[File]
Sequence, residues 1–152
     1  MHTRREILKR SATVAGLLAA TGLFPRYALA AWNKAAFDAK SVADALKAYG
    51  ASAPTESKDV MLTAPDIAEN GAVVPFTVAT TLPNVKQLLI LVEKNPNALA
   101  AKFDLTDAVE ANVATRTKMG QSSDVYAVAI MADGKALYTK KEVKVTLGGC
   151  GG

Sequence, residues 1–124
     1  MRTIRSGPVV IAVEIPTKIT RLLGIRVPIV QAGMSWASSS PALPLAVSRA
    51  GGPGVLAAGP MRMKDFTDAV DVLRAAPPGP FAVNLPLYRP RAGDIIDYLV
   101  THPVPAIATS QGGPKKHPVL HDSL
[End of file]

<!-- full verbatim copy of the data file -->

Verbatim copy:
Sequence, residues 1–152
     1  MHTRREILKR SATVAGLLAA TGLFPRYALA AWNKAAFDAK SVADALKAYG
    51  ASAPTESKDV MLTAPDIAEN GAVVPFTVAT TLPNVKQLLI LVEKNPNALA
   101  AKFDLTDAVE ANVATRTKMG QSSDVYAVAI MADGKALYTK KEVKVTLGGC
   151  GG

Sequence, residues 1–124
     1  MRTIRSGPVV IAVEIPTKIT RLLGIRVPIV QAGMSWASSS PALPLAVSRA
    51  GGPGVLAAGP MRMKDFTDAV DVLRAAPPGP FAVNLPLYRP RAGDIIDYLV
   101  THPVPAIATS QGGPKKHPVL HDSL